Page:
Professional, Maintainable Hair

What is the Best Professional Hairstyle? | CorporetteWhich are the best professional hairstyles or cuts?  How should you upgrade your hair as you climb the corporate ladder?  Reader M wonders:

After a lifetime of basically ignoring my hair (I’ve either kept it quite short or in a ponytail), my career is really taking off and I need to have a more ‘corporate’ look. (I work in technology, almost entirely with men, but am moving into a position where I need to represent our team to C-levels.) Unfortunately, I have no idea where to start, or how to find a cut/style that will be professional but not require oodles of time. Any tips would be much appreciated.

Great question! If you’re comfortable with short hair, you may want to keep it there — it’s hard for me to think of a short haircut that would be unprofessional, so long as it’s maintained well and styled neatly.  That said, here are a few more tips:

- Work with what your hair wants to do if at all possible — for example, get a cut especially for curly hair.

- If you hate what your hair wants to do, consider getting a style that’s easy enough for you or a professional to blow-dry and style it quickly and effectively.  I don’t think there’s anything inherently unprofessional about long hair (mine currently goes midway down my back, which I would categorize as “very long”), but I know that those extra six inches at the bottom add another 20 minutes to my blow-dry time.  My personal $.02: I feel more like me with straight hair, and because only 85% of my hair is curly — there is a straight under-layer that is noticeable (and annoying) whenever I try to wear it curly — I’ve been focusing on trying to teach myself to blow-dry it straight.  I’ve gotten better and faster at it, particularly with the investment in much better products (a boar bristle brush, a T3 blow-dryer, and Moroccan Oil, which my hair seems to love), but it is nowhere near as good as a professional blowout.  Another option: just making a weekly investment in time and money and going to the salon for a blowout — it may be $20-$50, depending on where you live — but if you feel more confident in it and can make the blowout last for almost all of the working week, then that sounds like a reasonable investment to me.  (I’ve read a lot of advice that a 5-day time frame for a blowout is doable — see our earlier discussion on “training” your hair and scalp for lasting a few days between washes.)

- if the time/money investment in the salon/DIY blowout is undesirable (or you really want/need to wash your hair every day), look to professional up-dos — a bun, the french twist, even a prettier ponytail.  (I’ve been very impressed by YouTube tutorials from women in the military, who have to wear their hair back and in a bun, such as this one from YouTuber notoriousnoee (screencap above) — these ladies get their hair back neatly, quickly, and I’m guessing those up-dos last the day without a headache.  For a less severe look, consider pulling a few pieces out around your face, or styling the very front of your hair separately, as shown in this video from Pursebuzz (as featured in the very first hair post on Corporette, awww). I hate to say it but Sarah Palin was on to something — a “bump” does tend to make things look more professional (or, at least flattering, for most people).  I prefer to tease my own hair using a special brush (I think mine is the Spornette Little Wonder), but I know Jean at Extra Petite has had success with these velcro bumpits available on eBay.  Many readers swear by Goody’s Spin Pins — after a lot of trial and error I finally do too.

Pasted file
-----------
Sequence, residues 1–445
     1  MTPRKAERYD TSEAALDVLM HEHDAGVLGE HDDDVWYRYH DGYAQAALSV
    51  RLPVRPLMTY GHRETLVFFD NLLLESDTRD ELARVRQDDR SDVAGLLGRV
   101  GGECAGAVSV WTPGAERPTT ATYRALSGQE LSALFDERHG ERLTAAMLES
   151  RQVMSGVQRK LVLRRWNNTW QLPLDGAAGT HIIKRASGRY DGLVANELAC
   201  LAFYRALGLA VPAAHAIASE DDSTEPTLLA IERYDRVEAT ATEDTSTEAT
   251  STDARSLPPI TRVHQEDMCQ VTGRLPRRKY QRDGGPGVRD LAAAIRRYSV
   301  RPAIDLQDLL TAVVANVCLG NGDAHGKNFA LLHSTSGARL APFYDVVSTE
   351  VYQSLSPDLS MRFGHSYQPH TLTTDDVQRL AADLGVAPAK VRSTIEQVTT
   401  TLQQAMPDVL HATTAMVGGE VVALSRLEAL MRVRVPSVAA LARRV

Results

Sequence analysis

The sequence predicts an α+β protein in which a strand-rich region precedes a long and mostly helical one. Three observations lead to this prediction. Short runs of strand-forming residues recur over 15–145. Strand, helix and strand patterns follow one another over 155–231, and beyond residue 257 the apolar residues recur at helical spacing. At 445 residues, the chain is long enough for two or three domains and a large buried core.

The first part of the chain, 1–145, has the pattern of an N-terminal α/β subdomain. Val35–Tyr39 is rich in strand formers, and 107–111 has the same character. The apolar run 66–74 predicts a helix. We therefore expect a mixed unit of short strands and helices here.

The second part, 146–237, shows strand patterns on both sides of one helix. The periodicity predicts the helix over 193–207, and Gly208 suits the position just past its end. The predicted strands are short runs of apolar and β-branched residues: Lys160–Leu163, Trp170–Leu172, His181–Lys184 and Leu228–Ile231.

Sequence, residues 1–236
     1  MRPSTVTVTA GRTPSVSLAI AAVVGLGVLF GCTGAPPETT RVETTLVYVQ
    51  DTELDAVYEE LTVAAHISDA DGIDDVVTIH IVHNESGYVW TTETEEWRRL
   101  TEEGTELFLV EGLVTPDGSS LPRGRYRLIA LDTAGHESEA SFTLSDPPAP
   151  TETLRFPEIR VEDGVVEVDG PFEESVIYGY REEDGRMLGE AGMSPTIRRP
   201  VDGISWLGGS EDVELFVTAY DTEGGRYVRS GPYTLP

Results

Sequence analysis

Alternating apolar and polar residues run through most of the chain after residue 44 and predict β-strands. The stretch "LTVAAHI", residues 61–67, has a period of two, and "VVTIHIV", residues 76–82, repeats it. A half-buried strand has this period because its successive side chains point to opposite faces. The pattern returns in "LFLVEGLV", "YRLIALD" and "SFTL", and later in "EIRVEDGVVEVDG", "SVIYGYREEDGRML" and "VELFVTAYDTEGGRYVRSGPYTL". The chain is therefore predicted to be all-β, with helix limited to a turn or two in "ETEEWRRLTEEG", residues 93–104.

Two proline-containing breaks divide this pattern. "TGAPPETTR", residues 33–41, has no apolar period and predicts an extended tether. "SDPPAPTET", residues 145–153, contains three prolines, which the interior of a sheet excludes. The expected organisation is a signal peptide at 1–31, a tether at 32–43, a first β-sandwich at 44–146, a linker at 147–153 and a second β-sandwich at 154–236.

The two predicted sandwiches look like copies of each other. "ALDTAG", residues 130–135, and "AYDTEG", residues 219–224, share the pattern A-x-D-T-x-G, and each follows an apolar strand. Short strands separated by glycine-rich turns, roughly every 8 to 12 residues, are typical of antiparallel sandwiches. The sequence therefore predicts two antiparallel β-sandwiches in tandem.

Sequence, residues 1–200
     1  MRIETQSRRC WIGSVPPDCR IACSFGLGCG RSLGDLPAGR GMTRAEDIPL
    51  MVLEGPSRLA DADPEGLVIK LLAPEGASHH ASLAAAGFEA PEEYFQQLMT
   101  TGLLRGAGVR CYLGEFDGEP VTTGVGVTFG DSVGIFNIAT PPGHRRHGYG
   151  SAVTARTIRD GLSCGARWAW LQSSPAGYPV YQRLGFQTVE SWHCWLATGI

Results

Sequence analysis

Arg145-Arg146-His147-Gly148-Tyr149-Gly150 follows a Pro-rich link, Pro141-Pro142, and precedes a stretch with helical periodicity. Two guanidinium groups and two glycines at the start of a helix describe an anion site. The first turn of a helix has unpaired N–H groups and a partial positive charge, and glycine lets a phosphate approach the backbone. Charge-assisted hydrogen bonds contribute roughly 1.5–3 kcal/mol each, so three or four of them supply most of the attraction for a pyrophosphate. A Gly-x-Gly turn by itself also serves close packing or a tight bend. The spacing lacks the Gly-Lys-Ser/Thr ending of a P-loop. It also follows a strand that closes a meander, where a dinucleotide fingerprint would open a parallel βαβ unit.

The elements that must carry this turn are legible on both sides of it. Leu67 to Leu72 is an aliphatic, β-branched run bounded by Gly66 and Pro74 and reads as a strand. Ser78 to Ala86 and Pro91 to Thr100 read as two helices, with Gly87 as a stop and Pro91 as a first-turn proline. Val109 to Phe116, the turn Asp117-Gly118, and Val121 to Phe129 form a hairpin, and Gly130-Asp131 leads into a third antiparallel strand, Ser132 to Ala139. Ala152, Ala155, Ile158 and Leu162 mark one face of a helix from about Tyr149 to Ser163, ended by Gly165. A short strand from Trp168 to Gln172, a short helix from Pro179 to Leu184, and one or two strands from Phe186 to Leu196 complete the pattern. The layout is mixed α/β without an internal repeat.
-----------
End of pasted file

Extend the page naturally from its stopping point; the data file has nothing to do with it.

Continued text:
- Try to reassess your hair every five years or so as it changes.  I’ve read that a woman’s hair is completely different every seven years — I don’t know if that’s true, but I know that my own hair has gotten much dryer and curlier with age (and maybe I’m crazy but it seems less shiny also).  Particularly for those of you in the pregnancy/nursing phase of your lives, you may find that your hair has drastically changed.  No one seems to talk about this either, but there’s a period of about 4 months, I think after weaning, where “wispies” were a huge problem for me and for most of my friends — short, flyaway hair at the roots and in front.  Is it extra hair breaking? New hair growth? I don’t know, but I found that hairspray was essential for that brief period if I wanted to look pulled together.

- Finally: you may want to avoid cuts or color that need high maintenance.  If your dark hair is dyed platinum blonde, the roots may look pretty funky if they’re not maintained.  (That said, going blonder can be a great way to hide gray hair.)  If you have blunt-cut bangs (or a bob) that need a regular trim every few weeks, you need to factor that trip to the salon into the equation.